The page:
One thing is clear -- now more than ever, it will be important to keep information flowing between banks and regulators, and among various regulatory agencies, as well.

Today, I've talked about the three challenges the FDIC is grappling with: Readying banks for the Year 2000; anticipating and addressing risks that arise from a weakening economy; and insuring and supervising larger, more complex institutions.

I said at the beginning of my remarks that the face of banking is changing. So, too, is the face of the FDIC. It is becoming multihued. And it is being shaped by different cultures. The FDIC's profile -- always a strong one -- is becoming ever stronger as new recruits join our seasoned veterans. We are encouraging the creation of a diverse workforce -- by culture, by experience, by gender.

In fact, 70 of the 181 examiners we have recruited this year are minorities. That's almost 40%. The FDIC -- and the nation -- will benefit. Why? Because along with diversity come talent and expertise. New ways of thinking. New ways of acting. New ways of relating to an industry -- and an America -- that are changing every day.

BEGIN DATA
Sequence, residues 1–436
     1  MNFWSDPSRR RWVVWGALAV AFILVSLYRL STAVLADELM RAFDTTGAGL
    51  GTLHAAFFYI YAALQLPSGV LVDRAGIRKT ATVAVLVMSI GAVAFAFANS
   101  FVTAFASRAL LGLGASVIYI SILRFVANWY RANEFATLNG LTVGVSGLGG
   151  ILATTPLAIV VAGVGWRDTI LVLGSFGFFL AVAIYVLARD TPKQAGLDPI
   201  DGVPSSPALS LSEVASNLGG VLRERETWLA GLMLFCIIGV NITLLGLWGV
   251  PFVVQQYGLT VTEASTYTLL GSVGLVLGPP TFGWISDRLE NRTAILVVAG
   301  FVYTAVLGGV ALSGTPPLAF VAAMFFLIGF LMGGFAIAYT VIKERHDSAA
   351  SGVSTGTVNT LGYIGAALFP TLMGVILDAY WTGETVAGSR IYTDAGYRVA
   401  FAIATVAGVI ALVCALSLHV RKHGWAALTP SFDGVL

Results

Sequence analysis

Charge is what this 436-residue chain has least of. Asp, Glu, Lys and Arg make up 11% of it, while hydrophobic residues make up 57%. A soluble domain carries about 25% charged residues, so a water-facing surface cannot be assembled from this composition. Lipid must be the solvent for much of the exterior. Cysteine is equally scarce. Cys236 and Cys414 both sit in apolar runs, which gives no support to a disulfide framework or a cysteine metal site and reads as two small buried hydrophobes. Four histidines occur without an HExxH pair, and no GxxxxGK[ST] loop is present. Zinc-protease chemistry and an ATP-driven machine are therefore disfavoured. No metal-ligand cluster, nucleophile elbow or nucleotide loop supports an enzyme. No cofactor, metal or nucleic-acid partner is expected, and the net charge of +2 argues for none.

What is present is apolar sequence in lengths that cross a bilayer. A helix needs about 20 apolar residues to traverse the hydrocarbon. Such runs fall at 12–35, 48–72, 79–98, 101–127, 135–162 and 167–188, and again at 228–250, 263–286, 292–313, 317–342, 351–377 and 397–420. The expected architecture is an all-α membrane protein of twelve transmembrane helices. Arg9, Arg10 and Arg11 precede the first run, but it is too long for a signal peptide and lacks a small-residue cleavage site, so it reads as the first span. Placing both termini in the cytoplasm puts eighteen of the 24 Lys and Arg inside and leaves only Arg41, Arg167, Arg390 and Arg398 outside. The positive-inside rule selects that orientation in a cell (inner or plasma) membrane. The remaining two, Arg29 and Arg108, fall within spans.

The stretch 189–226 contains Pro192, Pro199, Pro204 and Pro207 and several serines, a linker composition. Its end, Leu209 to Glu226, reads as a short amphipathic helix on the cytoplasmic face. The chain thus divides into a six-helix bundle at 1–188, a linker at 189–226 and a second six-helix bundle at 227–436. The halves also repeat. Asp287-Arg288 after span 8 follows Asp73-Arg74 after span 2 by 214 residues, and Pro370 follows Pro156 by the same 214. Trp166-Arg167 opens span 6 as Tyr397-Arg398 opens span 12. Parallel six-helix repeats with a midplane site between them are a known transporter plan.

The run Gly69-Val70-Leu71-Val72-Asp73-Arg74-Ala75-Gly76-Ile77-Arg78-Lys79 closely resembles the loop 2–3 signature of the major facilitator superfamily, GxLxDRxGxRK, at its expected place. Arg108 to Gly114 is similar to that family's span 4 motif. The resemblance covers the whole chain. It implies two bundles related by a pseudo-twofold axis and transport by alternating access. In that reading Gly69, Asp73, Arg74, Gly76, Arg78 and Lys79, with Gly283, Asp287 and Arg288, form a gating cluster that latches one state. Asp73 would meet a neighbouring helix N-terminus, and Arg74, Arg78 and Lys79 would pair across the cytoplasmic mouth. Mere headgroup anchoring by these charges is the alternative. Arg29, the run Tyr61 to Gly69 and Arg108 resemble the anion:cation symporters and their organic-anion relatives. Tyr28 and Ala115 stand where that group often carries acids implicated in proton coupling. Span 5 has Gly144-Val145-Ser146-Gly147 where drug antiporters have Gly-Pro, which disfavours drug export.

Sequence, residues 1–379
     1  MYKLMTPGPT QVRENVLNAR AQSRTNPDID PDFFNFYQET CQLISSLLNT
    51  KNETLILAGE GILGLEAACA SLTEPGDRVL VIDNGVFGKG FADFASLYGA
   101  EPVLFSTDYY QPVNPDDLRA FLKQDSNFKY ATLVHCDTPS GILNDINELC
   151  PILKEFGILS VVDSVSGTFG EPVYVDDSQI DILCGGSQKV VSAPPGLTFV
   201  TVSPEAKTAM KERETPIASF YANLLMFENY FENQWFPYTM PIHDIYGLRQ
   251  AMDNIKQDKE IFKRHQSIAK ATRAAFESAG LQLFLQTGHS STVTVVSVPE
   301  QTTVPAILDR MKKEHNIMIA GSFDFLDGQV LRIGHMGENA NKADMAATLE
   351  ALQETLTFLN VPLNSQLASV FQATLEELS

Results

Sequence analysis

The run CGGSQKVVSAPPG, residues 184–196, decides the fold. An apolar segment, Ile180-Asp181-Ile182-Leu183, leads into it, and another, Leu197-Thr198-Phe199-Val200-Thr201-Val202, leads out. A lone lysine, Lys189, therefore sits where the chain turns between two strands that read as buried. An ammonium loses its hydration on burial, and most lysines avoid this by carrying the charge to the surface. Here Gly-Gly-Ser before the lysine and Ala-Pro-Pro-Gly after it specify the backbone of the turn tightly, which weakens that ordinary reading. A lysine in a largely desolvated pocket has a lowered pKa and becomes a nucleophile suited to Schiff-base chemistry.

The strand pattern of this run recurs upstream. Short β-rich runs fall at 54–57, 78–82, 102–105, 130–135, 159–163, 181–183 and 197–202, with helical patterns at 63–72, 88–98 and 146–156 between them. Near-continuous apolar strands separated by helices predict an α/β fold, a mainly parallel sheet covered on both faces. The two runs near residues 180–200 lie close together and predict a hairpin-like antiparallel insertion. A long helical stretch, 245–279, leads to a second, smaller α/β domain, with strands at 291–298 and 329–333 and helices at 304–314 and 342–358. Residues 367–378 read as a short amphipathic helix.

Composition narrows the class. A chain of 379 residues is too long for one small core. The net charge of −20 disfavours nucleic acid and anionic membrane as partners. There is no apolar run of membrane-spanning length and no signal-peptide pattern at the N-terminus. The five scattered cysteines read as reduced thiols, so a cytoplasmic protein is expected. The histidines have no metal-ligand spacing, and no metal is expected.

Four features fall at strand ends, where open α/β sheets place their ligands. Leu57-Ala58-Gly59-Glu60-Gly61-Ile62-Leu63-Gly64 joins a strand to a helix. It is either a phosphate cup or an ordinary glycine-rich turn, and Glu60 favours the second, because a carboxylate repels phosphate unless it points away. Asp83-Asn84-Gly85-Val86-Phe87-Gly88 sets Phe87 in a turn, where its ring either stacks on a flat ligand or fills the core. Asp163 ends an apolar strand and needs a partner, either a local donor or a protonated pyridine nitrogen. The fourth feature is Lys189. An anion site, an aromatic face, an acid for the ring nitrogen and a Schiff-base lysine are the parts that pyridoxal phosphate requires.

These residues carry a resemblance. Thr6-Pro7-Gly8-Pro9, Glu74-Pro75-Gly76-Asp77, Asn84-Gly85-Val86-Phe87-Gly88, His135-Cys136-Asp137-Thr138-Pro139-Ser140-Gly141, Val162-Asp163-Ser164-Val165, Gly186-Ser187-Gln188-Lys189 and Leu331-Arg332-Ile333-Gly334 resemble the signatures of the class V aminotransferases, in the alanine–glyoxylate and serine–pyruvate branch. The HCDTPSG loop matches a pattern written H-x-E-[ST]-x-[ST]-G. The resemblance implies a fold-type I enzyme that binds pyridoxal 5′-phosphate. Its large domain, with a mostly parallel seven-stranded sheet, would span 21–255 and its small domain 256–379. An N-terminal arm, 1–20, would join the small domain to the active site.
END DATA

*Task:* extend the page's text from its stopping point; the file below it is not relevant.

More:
That talent, that expertise, that creativity has never been needed more than now.

The FDIC will continue to search and recruit for the people we need to meet the challenges ahead. There is a promising future at the FDIC for individuals who can contribute to our success -- regardless of their gender, the color of their eyes or the language their grandparents spoke.

I want to thank you for your invitation to speak here today. This luncheon was something that I've looked forward to. It is great to be here with you in Philadelphia, the city of brotherly -- and sisterly -- love.

Last Updated 6/25/99 communications@fdic.gov